Car Seat Safety: Watch Infants
Experts Note Life-Threatening Breathing Problems in 9 Infants Sleeping in Car Seats
WebMD News Archive
Dec. 7, 2006 -- Parents should keep an eye on infants in car seats to make
sure the babies are breathing properly, researchers say after reports of some
Nine healthy babies had "apparently life-threatening" breathing
problems while sleeping in car seats, the researchers say.
All of the babies survived and had no other breathing problems over the next
The researchers stress that infant car seats are "vital" for
protecting babies in automobiles. But they add that redesigning the seats might
reduce the risk of the breathing problems seen in these infants.
The nine cases all occurred in New Zealand between July 1999 and December
They were reported in BMJ (formerly the British Medical
Journal) by Alistair Jan Gunn, MD, PhD, FRACP, and colleagues. Gunn is an
associate professor in the physiology and pediatrics departments of New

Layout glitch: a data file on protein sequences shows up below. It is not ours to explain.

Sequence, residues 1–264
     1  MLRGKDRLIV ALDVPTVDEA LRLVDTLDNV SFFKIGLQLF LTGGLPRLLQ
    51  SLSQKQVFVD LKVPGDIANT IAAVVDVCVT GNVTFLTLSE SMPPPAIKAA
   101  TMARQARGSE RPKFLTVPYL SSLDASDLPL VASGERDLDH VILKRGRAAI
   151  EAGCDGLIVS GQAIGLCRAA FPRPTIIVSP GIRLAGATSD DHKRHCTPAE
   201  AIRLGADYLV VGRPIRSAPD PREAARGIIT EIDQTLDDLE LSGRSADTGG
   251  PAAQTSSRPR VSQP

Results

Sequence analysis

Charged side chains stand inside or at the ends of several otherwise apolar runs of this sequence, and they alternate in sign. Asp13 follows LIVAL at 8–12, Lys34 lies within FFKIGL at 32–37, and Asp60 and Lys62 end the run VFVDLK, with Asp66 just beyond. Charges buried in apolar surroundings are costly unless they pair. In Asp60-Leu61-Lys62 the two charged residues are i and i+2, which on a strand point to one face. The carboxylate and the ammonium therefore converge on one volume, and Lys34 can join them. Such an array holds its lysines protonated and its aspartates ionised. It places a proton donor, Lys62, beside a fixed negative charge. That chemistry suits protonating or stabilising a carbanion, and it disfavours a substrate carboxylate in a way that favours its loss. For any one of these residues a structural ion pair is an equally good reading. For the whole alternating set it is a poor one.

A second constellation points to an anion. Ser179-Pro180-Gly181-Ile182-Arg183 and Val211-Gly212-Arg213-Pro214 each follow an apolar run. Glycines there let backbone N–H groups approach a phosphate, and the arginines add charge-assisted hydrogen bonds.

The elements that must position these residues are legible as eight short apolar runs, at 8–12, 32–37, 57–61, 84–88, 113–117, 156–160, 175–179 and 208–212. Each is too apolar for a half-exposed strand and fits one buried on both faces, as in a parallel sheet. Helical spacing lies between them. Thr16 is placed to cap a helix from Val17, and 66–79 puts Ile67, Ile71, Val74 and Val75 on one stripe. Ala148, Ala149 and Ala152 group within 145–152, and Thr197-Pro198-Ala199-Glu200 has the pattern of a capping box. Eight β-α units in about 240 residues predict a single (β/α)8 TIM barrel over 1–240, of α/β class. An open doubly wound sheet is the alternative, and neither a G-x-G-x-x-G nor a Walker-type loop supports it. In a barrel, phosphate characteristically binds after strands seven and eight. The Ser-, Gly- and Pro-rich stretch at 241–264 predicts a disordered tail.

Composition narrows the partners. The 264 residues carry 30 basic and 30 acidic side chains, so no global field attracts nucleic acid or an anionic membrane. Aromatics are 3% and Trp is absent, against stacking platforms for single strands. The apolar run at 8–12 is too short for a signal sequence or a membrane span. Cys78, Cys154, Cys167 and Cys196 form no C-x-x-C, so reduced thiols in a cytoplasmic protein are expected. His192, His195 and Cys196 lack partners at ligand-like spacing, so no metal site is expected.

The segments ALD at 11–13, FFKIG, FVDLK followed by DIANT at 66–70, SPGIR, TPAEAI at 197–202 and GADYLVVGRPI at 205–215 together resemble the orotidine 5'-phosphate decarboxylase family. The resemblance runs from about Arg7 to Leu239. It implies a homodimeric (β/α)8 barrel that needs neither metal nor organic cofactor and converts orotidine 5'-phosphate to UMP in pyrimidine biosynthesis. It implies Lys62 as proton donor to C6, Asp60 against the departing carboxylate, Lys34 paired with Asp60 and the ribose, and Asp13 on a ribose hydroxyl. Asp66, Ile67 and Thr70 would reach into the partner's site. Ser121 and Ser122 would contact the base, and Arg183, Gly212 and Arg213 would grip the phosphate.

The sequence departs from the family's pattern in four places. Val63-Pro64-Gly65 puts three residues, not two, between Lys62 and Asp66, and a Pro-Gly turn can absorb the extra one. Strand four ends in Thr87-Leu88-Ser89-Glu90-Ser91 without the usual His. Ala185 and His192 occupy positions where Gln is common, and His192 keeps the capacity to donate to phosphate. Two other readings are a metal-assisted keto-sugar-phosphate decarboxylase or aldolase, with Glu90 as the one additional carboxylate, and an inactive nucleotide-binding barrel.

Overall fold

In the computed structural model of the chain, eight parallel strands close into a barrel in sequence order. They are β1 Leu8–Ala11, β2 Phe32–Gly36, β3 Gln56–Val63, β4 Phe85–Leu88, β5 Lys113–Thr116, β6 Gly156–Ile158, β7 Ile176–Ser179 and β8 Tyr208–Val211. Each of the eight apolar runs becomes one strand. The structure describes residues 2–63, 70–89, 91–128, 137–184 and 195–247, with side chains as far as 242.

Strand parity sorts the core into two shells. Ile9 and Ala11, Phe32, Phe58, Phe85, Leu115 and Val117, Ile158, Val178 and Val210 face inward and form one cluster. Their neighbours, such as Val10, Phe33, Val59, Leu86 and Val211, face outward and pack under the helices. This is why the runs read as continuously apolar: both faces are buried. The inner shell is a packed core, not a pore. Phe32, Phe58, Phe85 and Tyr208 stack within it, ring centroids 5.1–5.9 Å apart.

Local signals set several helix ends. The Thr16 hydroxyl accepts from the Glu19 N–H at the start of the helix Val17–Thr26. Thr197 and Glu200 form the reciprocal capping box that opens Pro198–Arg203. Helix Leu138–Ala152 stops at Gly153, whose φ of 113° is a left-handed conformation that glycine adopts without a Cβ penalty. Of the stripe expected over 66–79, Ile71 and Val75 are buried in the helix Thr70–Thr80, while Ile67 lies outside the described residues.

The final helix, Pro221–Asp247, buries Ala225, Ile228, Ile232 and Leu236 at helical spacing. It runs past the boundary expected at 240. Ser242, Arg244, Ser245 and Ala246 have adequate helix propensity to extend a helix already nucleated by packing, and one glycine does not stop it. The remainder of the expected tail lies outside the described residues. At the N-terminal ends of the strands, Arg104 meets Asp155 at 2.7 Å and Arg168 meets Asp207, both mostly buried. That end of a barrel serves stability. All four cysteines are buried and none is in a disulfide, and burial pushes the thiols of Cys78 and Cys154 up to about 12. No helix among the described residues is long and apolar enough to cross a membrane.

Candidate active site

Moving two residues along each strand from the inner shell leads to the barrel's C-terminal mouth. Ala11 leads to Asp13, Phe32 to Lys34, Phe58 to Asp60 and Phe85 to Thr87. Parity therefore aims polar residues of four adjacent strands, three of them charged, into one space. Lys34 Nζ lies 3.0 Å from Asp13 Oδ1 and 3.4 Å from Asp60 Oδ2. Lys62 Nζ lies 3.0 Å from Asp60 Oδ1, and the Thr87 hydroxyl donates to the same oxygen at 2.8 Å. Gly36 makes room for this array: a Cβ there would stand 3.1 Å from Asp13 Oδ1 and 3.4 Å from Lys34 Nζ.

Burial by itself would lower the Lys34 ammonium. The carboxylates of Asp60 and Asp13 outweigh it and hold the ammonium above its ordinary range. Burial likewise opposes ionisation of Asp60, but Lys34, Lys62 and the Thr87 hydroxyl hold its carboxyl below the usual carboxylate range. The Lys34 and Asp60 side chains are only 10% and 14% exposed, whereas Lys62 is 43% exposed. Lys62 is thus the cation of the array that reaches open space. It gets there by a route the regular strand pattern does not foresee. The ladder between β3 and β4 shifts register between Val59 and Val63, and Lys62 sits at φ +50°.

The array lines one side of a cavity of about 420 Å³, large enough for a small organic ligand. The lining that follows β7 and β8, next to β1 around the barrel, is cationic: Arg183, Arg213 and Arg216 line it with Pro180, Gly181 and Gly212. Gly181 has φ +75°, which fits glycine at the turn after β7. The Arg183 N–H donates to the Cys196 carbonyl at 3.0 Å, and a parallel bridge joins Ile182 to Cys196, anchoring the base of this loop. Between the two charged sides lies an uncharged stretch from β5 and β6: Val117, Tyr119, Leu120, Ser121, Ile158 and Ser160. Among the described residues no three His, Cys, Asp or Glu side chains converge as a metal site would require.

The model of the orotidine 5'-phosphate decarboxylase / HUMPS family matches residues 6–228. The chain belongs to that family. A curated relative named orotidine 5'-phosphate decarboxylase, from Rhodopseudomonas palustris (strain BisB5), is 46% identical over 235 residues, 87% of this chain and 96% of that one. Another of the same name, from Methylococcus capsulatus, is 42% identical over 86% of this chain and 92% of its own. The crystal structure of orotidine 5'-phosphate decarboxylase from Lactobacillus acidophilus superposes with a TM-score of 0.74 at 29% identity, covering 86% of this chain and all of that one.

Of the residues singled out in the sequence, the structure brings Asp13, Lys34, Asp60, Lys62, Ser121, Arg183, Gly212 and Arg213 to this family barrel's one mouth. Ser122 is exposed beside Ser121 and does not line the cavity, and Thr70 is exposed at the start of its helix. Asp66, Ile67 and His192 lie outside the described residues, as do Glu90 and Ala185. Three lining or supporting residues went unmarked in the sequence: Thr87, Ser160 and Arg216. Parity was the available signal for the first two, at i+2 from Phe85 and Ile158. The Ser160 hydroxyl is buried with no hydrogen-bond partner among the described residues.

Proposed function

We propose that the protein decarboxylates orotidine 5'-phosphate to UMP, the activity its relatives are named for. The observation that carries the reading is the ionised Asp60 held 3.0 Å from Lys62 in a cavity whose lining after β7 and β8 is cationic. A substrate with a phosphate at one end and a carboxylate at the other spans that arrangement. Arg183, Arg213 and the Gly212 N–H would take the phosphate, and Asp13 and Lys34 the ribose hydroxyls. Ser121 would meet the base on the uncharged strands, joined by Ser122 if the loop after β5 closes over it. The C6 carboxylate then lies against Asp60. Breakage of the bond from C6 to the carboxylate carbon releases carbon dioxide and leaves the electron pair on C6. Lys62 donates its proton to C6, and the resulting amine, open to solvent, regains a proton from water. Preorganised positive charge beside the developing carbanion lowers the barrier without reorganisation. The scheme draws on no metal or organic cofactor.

Zealand's University of Auckland.
All the babies were healthy. They were 5 weeks old, on average. One had been
Eight of the nine babies were sleeping in car seats placed on flat surfaces
-- such as a floor in their home -- instead of in a car.
When placed on flat surfaces, the babies were in a "relatively upright
position," the researchers say.
The infants' heads tipped forward, hampering breathing; they were too young
to have good head control, Gunn's team explains.
Five of the babies' mothers were smokers. It's not clear if that had
anything to do with the babies' breathing problems, say Gunn and
Recent U.S. Study
In August 2006, Pediatrics reported an earlier study involving
infant car safety seats.
The researchers in that study included T. Bernard Kinane, MD, of
Massachusetts General Hospital for Children and Harvard Medical School.
Kinane and colleagues studied 67 healthy full-term newborns who were up to 1
Half the babies sat in a car seat for about an hour. The other half lay in a
car "bed" for the same amount of time. A car bed allows a baby to lie
down while restrained.
Monitors showed a drop in the babies' blood oxygen levels for
"substantial" periods of time during the experiment, report Kinane and